Thursday, July 22, 2010

A Plea For Kindness

I know it is always there, but this week I am seeing a need for kindness in the world. We know that we are all human; we all want to be understood and forgiven our weaknesses, but we don’t do it. Can’t we all just extend that understanding out to others just a little bit? Wouldn’t we all rather be treated that way?

I am speaking as much to myself as to anyone else, since it is difficult to remember to be compassionate and understanding with a teenager. This week everything from ugly national political stories to workplace cranks makes me wonder, what if we were all just a little more kind to each other? Is it so important to win that we must trash someone’s good name? People need to be seen as so put together and blameless so that they vilify another for a small human mistake. When my colleague makes a mistake, he or she is probably not a moron as some would attest; she is most likely a human being who made an error. If I can help her fix it, maybe she will understand the next time I make a mistake. Because I’m human I will make a mistake again.

You know what; this even applies to Sarah Palin. I don’t like Sarah Palin. I don’t like what she says about others and I am sick beyond all belief of hearing about everything she and her family does and says. But if I spend all of my time mocking every grammatically-challenged thing that comes out of her mouth then I am just being negative and not hurting her at all. Her supporters don’t even care. Look at me, I’m clever and snarky; I don’t mangle the English language. So what? How have I improved my life by watching and criticizing her every move? It doesn’t help create any positive changes; it just makes me feel superior. I still reserve the right to criticize and disagree with her political actions and speech, but let’s leave her parenting and hair out of it. Deep breath. Even Sarah Palin deserves respect and compassion. (Realistically, someone may have to remind me I said that in the future.)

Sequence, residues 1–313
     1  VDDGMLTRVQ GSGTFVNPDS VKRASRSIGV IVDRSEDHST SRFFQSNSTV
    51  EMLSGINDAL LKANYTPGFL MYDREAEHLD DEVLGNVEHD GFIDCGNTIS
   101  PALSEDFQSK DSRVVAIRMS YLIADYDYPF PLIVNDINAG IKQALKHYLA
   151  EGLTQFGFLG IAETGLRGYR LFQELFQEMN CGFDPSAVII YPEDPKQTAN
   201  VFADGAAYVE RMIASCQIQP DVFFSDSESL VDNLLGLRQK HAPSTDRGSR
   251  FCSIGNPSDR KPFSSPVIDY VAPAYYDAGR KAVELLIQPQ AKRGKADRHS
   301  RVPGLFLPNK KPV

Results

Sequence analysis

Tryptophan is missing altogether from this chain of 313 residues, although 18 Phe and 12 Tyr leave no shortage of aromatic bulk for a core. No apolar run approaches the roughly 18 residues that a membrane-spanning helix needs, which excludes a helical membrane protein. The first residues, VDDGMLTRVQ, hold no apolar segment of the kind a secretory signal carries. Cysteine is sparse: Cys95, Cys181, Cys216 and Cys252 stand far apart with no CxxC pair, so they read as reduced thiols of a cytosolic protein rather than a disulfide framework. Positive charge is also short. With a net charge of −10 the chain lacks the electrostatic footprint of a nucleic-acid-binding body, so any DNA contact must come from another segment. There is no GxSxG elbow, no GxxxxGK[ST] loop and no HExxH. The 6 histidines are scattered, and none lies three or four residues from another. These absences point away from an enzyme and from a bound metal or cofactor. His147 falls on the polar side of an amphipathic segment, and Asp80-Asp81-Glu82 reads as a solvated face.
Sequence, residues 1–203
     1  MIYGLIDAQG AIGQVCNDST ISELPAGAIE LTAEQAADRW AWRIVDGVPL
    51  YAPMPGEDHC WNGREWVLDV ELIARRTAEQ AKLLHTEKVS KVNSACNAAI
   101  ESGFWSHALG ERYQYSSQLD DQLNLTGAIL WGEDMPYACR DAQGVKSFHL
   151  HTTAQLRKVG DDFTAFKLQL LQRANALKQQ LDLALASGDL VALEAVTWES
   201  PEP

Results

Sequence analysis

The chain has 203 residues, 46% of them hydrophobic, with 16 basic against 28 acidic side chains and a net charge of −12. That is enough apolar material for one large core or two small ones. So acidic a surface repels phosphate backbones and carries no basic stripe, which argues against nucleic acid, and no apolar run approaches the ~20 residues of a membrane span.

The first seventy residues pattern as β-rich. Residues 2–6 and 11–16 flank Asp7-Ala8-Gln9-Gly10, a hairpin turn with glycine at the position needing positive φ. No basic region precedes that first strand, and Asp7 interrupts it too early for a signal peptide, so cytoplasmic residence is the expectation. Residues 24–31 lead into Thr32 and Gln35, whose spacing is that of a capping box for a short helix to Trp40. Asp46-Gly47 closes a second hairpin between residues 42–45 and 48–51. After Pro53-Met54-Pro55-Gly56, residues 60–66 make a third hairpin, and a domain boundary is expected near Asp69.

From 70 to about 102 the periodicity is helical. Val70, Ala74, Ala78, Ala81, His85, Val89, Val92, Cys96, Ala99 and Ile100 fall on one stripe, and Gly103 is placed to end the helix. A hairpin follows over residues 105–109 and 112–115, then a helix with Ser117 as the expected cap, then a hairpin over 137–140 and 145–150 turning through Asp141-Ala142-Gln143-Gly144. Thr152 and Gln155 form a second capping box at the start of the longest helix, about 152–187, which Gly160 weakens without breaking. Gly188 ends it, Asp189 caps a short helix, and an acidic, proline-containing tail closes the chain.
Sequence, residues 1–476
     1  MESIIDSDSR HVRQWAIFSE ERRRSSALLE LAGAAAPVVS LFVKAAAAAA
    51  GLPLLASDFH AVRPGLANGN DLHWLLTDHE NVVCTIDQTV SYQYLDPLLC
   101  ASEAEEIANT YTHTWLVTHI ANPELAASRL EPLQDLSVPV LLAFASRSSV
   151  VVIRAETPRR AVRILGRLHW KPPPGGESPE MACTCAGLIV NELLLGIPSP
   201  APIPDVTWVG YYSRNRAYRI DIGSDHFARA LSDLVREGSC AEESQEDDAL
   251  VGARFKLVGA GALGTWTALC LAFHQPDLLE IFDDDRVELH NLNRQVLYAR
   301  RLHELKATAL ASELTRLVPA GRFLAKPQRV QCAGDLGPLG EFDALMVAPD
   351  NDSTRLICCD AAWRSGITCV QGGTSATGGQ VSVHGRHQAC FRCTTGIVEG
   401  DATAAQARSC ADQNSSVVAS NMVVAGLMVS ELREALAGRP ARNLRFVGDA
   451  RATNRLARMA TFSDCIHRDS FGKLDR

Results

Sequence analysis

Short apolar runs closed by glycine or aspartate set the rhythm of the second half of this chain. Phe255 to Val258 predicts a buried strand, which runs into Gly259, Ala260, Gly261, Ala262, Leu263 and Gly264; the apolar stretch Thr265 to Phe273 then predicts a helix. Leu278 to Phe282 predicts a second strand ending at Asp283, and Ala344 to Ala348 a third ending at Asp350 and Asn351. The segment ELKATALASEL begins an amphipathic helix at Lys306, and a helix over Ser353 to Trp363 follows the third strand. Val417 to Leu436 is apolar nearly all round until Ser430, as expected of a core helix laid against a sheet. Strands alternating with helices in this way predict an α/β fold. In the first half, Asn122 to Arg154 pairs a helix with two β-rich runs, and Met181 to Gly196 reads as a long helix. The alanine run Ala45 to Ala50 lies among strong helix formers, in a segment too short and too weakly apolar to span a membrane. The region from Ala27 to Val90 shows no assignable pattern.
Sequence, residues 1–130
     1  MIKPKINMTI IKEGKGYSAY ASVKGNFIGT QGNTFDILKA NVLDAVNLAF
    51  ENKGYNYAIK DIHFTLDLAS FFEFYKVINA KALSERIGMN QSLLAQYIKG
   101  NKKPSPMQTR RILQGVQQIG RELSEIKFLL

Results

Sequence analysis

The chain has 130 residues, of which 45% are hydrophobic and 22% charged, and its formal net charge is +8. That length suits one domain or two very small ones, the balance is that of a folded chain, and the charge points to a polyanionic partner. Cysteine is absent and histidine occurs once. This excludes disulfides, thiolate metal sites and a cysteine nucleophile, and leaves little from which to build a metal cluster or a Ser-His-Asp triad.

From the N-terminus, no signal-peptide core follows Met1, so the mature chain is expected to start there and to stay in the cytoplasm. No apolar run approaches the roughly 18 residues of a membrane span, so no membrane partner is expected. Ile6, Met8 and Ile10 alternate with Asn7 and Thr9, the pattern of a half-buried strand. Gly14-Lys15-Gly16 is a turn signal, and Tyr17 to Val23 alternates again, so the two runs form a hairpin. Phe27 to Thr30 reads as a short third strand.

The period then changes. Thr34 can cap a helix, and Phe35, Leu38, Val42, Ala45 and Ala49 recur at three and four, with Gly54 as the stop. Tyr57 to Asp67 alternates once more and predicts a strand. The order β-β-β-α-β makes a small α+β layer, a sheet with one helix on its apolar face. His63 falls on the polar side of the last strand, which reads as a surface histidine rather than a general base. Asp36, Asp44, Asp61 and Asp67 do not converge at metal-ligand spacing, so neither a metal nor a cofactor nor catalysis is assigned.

I didn’t even know I was going to write about She-Who-Must-Not-Be-Named.

The Dalai Lama famously said, “My religion is very simple. My religion is kindness.” I need to remind myself of that more often. Couldn’t we all be happier and more at ease if we could look past our initial frustration and see each other as flawed and human people, instead of obstacles in our personal paths to happiness? As a person with a long and loving relationship with snark, I’m changing. Just watching people treat each other callously disturbs me and stresses me out. I wish I could stop people from being awful to each other, but as a proper child of psychology, I know I can only change my own actions. So my mantra this week is Kindness, everyone else is human, too.


  1. I've come to recognize in myself that snark is often a substitute for the more difficult work of thinking. It's easier to say, "Can you believe she can't speak in sentences?" for example, than to engage in sustained, reasoned critique of that person's policies.

  2. You've got me thinking about snark as a hiding place or a defense mechanism. Being snarky is super fun, but it cuts you off from honest and safe communication with others.

    The smart kid can use it as a defense against the popular kids. You don't ever have to question whether or not you are better than the other person.

    This might turn into another post.